TaxPersonal TaxFor and against: OECD is on the wrong track

For and against: OECD is on the wrong track

Recent developments in the US may make many around the world think that the Organization for Economic Cooperation and Development's so-called 'harmful tax competition' project is on the brink of extinction. If only we were so lucky.

The OECD has spent almost every day since the 10 May statement of Treasury Secretary Paul O’Neill trying to convince the US to agree to a slimmed down version of their original plan. Secretary O’Neill distanced the US from the OECD plan because it was misguided and over reaching. Tax competition is a liberalising force in the world economy, forcing governments to be more fiscally responsible lest they drive economic activity to lower-tax environments.

The OECD initiative seeks to change the rules of worldwide commerce and taxation to benefit fiscally uncompetitive nations. This effort would impose a tax structure on the entire world that would greatly restrict the ability to shift economic activity to jurisdictions with policies that reward private-sector wealth creation.

But the OECD initiative represents more than just bad tax policy. The OECD project is wrong on many levels. It endangers fiscal sovereignty; it attacks financial privacy by creating a global network of tax police; it violates international trade agreements and almost certainly violates world trade organisation obligations; it disrupts economic development of third world countries; and it will most definitely increase crime by depriving developing nations of a competitive financial services industry.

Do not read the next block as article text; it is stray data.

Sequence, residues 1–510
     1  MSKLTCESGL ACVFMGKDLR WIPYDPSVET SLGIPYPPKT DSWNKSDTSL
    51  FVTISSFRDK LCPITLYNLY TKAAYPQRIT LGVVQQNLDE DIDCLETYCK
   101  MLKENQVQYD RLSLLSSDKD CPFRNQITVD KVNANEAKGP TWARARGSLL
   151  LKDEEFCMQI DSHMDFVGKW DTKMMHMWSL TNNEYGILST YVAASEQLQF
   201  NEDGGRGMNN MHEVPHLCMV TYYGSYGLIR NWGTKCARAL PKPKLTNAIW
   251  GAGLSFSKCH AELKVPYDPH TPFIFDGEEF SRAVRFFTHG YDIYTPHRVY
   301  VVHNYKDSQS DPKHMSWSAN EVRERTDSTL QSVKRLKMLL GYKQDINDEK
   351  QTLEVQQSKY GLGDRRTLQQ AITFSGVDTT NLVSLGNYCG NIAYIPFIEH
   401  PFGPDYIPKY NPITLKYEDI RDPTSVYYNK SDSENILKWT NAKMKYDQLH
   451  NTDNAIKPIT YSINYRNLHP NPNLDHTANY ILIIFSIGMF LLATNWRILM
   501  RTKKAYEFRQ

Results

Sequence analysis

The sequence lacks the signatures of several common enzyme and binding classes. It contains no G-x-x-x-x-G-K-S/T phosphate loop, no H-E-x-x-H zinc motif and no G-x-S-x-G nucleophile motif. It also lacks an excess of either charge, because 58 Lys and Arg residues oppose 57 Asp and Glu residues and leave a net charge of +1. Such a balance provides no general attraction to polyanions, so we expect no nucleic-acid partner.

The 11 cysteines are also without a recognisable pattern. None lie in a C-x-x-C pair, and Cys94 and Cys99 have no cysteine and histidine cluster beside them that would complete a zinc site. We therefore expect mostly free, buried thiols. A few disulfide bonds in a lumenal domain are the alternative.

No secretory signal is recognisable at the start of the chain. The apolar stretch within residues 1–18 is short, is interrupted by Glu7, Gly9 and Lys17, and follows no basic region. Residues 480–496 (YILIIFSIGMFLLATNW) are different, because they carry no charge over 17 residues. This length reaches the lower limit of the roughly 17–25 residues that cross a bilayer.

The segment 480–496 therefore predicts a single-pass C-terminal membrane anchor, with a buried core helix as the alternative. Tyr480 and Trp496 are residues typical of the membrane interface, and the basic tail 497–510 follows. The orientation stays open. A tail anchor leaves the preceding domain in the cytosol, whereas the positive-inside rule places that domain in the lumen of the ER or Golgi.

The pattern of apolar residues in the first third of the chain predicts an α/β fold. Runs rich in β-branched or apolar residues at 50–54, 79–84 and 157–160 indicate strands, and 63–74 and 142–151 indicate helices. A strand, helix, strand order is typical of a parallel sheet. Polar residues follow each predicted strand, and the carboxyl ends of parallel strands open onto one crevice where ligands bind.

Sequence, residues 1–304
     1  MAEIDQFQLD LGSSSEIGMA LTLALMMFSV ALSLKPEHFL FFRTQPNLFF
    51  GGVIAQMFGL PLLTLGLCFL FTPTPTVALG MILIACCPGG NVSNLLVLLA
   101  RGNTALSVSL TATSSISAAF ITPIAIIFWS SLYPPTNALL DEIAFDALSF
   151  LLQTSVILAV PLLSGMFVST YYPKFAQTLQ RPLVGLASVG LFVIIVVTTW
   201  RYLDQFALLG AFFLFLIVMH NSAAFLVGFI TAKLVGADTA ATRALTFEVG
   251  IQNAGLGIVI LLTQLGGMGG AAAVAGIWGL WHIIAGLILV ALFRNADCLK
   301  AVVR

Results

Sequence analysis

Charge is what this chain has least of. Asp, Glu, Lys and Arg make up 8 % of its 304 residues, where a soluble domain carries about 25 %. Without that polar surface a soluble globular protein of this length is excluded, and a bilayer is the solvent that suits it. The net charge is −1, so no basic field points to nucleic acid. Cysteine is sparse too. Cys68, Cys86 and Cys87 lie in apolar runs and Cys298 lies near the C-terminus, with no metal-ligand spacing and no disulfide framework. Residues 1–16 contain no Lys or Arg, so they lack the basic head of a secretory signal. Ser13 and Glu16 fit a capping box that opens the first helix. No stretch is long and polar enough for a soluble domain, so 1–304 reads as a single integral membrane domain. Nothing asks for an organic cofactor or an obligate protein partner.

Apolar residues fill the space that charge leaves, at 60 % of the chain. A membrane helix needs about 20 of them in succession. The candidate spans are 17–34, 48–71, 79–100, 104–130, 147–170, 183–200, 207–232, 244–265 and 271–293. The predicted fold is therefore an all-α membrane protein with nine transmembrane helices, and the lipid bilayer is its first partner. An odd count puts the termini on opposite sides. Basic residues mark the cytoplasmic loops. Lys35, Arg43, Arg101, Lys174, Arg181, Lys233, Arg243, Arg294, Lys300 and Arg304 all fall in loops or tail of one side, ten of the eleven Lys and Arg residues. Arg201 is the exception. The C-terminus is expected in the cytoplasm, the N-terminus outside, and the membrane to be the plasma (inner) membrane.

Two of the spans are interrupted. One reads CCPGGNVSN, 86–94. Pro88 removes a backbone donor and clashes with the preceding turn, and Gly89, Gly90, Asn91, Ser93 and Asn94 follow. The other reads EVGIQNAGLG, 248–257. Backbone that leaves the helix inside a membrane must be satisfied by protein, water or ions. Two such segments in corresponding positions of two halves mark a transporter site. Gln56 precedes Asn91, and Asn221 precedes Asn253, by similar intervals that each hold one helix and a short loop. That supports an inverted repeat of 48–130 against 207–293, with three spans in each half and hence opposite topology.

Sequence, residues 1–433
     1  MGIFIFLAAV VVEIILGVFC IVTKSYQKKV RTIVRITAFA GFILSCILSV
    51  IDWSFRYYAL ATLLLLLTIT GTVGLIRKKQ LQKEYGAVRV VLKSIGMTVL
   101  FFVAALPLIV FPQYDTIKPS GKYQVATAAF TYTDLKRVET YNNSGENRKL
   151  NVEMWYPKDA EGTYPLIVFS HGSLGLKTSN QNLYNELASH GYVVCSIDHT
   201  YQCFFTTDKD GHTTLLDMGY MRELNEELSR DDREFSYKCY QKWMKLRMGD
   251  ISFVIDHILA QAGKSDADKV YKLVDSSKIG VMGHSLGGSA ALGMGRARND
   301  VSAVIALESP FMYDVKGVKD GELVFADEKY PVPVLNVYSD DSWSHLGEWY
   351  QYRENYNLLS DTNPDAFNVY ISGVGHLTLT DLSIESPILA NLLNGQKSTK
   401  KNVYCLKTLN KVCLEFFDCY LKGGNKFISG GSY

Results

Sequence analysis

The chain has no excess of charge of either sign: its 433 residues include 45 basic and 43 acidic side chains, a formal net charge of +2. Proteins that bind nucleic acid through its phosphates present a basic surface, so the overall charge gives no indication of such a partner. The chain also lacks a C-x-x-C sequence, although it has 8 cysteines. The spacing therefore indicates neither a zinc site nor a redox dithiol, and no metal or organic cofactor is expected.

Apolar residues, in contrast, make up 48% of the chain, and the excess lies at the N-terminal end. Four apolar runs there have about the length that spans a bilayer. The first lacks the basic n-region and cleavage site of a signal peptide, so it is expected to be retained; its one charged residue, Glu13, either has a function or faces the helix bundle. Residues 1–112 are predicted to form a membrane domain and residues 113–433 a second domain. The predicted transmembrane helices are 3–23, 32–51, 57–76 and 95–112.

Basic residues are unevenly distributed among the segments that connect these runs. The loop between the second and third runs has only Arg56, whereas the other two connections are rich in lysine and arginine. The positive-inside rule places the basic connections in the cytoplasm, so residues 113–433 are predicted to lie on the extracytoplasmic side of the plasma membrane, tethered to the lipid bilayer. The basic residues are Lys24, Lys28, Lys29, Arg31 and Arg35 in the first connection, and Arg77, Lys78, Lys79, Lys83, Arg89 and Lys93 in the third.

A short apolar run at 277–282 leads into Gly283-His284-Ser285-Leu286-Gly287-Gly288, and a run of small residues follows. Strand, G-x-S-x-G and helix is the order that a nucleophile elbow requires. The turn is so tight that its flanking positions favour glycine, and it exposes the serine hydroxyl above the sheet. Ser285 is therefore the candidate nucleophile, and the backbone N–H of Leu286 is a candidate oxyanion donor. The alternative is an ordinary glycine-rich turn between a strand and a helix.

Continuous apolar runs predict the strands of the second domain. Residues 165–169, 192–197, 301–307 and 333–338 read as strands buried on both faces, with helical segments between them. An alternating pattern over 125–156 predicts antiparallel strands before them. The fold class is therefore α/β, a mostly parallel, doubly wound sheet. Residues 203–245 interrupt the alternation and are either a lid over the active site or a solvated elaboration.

It is safe to say, as a result of O’Neill’s statement, that the anti-tax competition phase of the OECD assault on low-tax countries has come to end.

However, an even more dangerous phase two of the battle has begun. We are now fighting over information exchange. Who sets the conditions under which it is legitimate for governments to suspend financial privacy and divulge confidential information to other governments? This battle will be fought over the next few months and we look forward to working with policy makers in the US and around the world to insure that our financial and personal privacy is protected.

But today, since the US is not playing ball with the OECD, I call on OECD secretary-general Donald Johnston to lift the threat of economic sanctions against low tax countries like Jersey and Guernsey and stop blacklisting these and other counties for believing in tax competition, financial privacy and fiscal sovereignty.

  • Andrew Quinlan is president of the Center for Freedom and Prosperity , a non-profit citizens lobby leading the international fight against the OECD’s ‘harmful tax competition’ project

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